Tree of Wonder, Tree of Life

 Of all the sites in Crete that beckoned, it was the thousand-year-old Sacred Myrtle Tree that I most looked forward to visiting. I had first read about it in 1995, in Carol Christ’s Odyssey to the Goddess.* Carol described the Panagia Myrtià, the All Holy Myrtle, as a place of veneration, tended by the local nun’s, and extremely sacred. At that time, I was about to begin my own odyssey over the months and years to come, first encountering the Black Madonna while doing genealogy research in Italy, and then returning to Italy to delve deeply into my ancestral heritage. Now, here I was in 2015, twenty years later, gathered at the base of the Sacred Tree with Carol Christ and a group of women as part of a Goddess Pilgrimage. Tears came to my eyes as Carol read the story of her first visit to the Tree, the very story that had called to me long ago. We do not know who our stories reach when they go out into the world. Continue reading

Dreams of the Black Madonna

Our Lady of the SnowsThis summer I received a postcard from a friend in Italy portraying the Madonna in the Basilica of Santa Maria Maggiore, the major church in Rome dedicated to the Virgin Mary. Far more than a just a beautiful image, this Black Madonna has been attributed with miraculous and awesome power. Her titles “Our Lady of the Snows” and “Salvation of the Roman People” offer clues of her power over the weather and her ability to protect a whole community.

According to the legendary fourth century origins of the church, still celebrated today, the Virgin Mary caused snow to fall in August in Rome (a highly unlikely weather phenomenon) so that she could designate where she wanted her church to be built. She appeared to a couple and to the pope in a dream telling of the snowfall. She came to be known as Santa Maria della Neve, Our Lady of the Snows. On August 5, white flower petals are released from the church to celebrate the event and to simulate the miraculous snowfall. Continue reading

Epiphany on the Tyrrhenian Sea

SchiavoneaIn 1995, I took a sabbatical from my job to do genealogical research in Italy. My journey started with a pilgrimage to Goddess sites in southern Italy with a small group of women, led by archaeologist Frances Bernstein. I had been going to Italy for 20 years. But it had never occurred to me that among all the ruins and hidden in the churches and in nature were places once sacred to women and men who honored female divinities.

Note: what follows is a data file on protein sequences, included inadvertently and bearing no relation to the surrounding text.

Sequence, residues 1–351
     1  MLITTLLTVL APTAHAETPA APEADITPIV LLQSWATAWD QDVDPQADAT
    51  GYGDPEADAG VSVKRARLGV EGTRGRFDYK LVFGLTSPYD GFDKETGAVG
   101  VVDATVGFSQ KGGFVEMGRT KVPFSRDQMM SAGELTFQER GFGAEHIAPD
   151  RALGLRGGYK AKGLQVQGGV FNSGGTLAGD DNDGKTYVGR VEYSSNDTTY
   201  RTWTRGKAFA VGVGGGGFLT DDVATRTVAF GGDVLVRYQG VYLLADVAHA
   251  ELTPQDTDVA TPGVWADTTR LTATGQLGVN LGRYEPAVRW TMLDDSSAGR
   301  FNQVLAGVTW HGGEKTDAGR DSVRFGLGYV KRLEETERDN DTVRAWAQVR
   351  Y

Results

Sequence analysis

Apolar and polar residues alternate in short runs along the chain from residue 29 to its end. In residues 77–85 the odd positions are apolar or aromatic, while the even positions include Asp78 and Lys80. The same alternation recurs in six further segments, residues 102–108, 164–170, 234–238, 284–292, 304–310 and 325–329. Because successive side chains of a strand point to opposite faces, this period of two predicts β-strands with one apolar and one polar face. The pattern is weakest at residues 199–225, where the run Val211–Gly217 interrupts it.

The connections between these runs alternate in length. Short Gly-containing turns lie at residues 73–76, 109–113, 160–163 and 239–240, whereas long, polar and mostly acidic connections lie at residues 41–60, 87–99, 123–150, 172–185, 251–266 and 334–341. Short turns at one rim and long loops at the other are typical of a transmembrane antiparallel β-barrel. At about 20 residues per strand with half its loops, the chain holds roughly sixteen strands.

Here was common ground of my blood ancestry and my spiritual heritage. This land, consecrated by being at the crossroads of my passions, became holy ground for me. Continue reading

Queen of Peace

Madonna di LoretoDecember is the darkest month here in the northern hemisphere, a time of going within to access the dark maternal matrix of creation. On liturgical calendars throughout Italy, December 10 is the date dedicated to the Black Madonna of Loreto. The sanctuary of Loreto in Ancona, Le Marche, is a major pilgrimage site of Europe with millions of visitors a year. Considered to be the protector of Italy, the Madonna of Loreto is a highly revered and well-known. Sibyls and prophets adorn the outside of the marble enclosure of the Santa Casa, or Holy House, in which her image is venerated. As one enters the small shrine within the large church, there is a feeling of intimacy and accumulated devotion. Continue reading

Missing My Mother

Backyard shrineI guess it is inevitable that I should miss my mother, the person who birthed me into this world, as my birthday draws near. Although we are exquisitely connected for all time, I miss her presence in my life at this time. Paraphrasing a phrase that I read in a book about motherhood: “Mother is the first place I knew.” Continue reading